Review: Memoria is an adventure without the "adventure logic"
Adventure games always have their own brand of logic. You can't just turn a knob to open a door. Instead, you have to snap your fingers, chant an ancient melody, and tickle a summoned demon before you can even get a key to unlock the door. Daedalic Entertainment's The Night of the Rabbit, released earlier this year, contained some of this logic. Memoria, Daedalic's newest adventure game, doesn't. We should all be incredibly thankful for this.
That's not to say that the game is easy. It's just that the game's puzzles rely on manipulation of gameplay mechanics instead of insane logic. The characters you control have unique powers to either repair/destroy items or control various ancient beings. Need to grab that item across the hall? Figure out how to use the ancient beings to grab it. Need to distract someone to borrow items from their toolbag? Destroy a glass jar to divert their attention. It's a really simple and clever trick that makes the game more enjoyable and less frustrating. Combine that with the genuine challenge the puzzles offer and you have the basis for a fantastic adventure game.
Sadly, there are a couple of flaws that pop up. In my preview of the game, I mentioned the breaking of immersion that comes from the graphical errors. These are unfortunately still present. While there's a touch of polish to be found, there are still a few errors worth mentioning. Animations in cutscenes aren't smooth, characters enjoy turning into black silhouettes, and I swear I can sense an occasional frame rate drop.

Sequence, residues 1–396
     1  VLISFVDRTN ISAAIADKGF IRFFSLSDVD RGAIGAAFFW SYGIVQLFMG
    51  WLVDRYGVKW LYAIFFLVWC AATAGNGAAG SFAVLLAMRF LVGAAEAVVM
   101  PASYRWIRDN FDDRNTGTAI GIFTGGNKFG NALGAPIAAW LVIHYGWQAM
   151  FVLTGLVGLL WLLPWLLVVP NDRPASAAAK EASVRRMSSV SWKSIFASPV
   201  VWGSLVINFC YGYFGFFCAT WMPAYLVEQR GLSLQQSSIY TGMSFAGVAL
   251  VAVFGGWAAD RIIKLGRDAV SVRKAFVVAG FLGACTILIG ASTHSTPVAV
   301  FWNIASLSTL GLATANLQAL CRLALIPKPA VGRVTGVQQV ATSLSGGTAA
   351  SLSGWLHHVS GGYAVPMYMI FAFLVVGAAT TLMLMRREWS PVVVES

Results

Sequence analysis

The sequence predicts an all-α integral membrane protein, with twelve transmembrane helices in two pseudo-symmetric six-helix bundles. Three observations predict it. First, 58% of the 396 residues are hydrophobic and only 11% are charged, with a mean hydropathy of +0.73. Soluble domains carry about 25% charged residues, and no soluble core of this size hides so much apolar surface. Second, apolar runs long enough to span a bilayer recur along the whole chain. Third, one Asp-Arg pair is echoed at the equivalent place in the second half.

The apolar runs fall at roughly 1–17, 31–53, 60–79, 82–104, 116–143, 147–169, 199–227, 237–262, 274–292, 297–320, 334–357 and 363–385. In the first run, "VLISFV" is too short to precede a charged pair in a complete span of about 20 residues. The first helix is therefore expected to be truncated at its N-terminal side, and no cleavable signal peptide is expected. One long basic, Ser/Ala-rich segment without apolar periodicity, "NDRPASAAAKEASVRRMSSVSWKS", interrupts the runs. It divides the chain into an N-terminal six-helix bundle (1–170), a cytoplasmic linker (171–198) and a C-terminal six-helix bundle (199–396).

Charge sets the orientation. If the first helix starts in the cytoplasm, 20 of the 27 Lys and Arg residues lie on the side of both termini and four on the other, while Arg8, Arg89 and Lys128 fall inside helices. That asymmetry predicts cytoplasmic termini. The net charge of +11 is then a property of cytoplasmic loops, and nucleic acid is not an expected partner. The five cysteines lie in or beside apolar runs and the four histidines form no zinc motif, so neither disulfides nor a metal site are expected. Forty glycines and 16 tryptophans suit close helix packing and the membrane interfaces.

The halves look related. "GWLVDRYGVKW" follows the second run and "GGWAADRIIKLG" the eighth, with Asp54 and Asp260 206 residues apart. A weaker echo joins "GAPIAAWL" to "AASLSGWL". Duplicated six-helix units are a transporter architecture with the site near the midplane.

If it sounds like I'm being overly harsh on these visual issues, that's because they do a serious job of breaking the game's immersion. So much has been put into crafting a world that draws you in with gorgeous environments, slick visuals, and dialogue that successfully balances witty and corny. Words cannot stress my disappointment with the game's issues.
But enough about that. Let's talk more about that dialogue as it plays a bigger role than you'd think. Taking a cue from RPGs, the amount of character interaction, dialogue tree selection, and narrative focus is truly impressive. Granted, this should expected as the game is based off The Dark Eye pen-and-paper RPG series but still, it's always nice to see this type of attention to a game's story. Add that in with the solid gameplay and you have a recipe for success.
And yet, I can't let those visual hiccups go.
Play Memoria for the challenging yet logical puzzles. Play Memoria for the enjoyable story, expansive dialgoue, and wonderful world. Play Memoria so long as you can ignore the visual bugs.